Random thoughts on National Anthems
One of the incidental pleasures of the Olympics and Paralympics has been the opportunity to hear lots of different national anthems. I've always been a little uncertain about my relationship with the British effort,* coming from a family where opinions on both religion and royalty were rather divided, but I have to say it comes into its own when you need to sing it in a packed stadium where you can actually feel the heat of the flame from where you stand.
The thing I particularly like about it is that, for a tune that's intended to be sung by anyone and everyone, it is both well-formed and singable. The whole covers a range of less than an octave, and it mostly moves by step. The one big leap comes between phrases halfway through, to a note a step higher than the highest note in the tune so far. This means you get the drama of a big leap, but are pretty guaranteed that everyone is likely to actually get to the right note. (Unlike the octave leap in the middle of 'Happy Birthday', which is routinely fluffed because people (a) start too high and (b) aren't vocally prepared for the high note.) It's the kind of tune that L.B. Meyer could have used as a text-book example of a well-balanced set of implications realised appropriately.
By contrast, I was struck by how both the 'Marseillaise' and 'The Star-Spangled Banner' both wander off into the wilderness in terms of form. They both start with very striking and memorable first phrases, but these lines are musically complete in themselves. Each reaches a rousing cadence at the end of the first statement and then carries the rest of the words with much less interesting or distinctive melodic material. It's like they have wonderful musical facades to front rather functional ideological buildings. Of the two, I would say that the ''Marseillaise' wins on the first line, but 'The Star-Spangled Banner' wins on overall form. It does at least have some internal repetition to hold it together.
I find it interesting that both of these anthems date from a similar kind of era, and interrelated political contexts. And both have a history of strong popular participation - during the French Revolutionary era, it was common for crowds to storm the stage in theatres and make the cast sing the 'Marseillaise' if they didn't think the plot was sufficiently patriotic. This makes me think that the people of 18th-century France and America were better singers than the general populace of 21st-century Britain, who I don't think would manage either the range or the form of these anthems particularly well.
The Italian anthem was stereotypically tuneful, though it had instrumental bits between some of the phrases, which I think says something about the expectations for the occasions it is to be sung. Nonetheless, the athletes appeared to sing along with the instrumental bits anyway, which tells us how they manage when they don't have an orchestra to hand. The Finnish anthem struck me as another very balanced piece of music.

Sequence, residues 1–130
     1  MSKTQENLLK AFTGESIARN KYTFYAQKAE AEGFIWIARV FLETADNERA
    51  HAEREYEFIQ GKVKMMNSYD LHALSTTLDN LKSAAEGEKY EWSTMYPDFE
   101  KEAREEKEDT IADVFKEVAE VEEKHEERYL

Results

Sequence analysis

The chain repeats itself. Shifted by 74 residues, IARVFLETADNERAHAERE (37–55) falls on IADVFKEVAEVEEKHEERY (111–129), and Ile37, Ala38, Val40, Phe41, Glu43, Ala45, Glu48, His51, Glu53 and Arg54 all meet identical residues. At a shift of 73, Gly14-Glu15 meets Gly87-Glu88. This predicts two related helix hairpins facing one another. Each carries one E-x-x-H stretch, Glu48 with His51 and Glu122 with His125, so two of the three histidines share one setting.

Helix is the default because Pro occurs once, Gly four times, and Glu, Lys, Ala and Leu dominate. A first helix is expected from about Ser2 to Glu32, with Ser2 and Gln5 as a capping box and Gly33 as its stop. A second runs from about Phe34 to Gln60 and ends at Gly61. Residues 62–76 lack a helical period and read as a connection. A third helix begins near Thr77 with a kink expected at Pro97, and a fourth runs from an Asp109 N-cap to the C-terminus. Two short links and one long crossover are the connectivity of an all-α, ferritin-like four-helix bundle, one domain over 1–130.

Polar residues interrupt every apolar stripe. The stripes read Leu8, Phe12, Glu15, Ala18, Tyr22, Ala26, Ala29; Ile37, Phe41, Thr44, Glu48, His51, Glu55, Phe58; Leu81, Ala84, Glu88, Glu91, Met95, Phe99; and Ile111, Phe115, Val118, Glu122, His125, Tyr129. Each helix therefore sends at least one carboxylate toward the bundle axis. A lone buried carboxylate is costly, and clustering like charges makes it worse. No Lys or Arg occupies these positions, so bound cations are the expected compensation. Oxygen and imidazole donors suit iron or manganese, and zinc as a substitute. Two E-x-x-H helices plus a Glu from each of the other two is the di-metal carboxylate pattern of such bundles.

It is interesting that these more orthodox musical shapes are associated with younger nations - and that both had a long history of association with nationalistic sentiment before they were adopted as anthems. The revolutionary new nations of the late 18th-century were arguably more rushed into adopting their anthems, and so picked the tunes with the strong headlines. Those who found their way to unification and/or independence over decades in the 19th and 20th centuries had the luxury to pick tunes that stood the test of time.
One other random thought. Did you notice the harmonisation of the British anthem used at the Olympics? It used far more diatonic minor triads than the usual arrangement. Hmm, I thought on first hearing, how very Tchaikovskian, and thought no more about it for a while. But then I got an email from my friend Tom Gentry with the following tidbit in it:
From Harper's Index:
Percentage of Top 40 songs from the 1960s that were written in a major key: 85
From the 2000s that were: 43
I actually had suspected something like this before I read it. Anyone else? What do you suppose it means?
Now, I have no idea what it means (though I did have a passing thought that there was a lot of inane tat in the charts of the 1960s, most of which would have bumped up the major key tally). But the choice of secondary (i.e. minor) triads in a major key in contexts where traditionally major triads would have been used did seem to show a similar shift in preferences of harmonic flavour. Probably just a coincidence...but one that has me primed to listen out for things I might not otherwise have clocked.
*The complete - and boggling - full words are here. I quite like the second half of verse 3. That seems a nice expression of the principle of rule by consent in the interests of the populace. The Scots, not unreasonably, tend to get huffy about the traces of the union's problematic history recorded in verse 6. Though I think they quite like being thought of as 'rebellious'.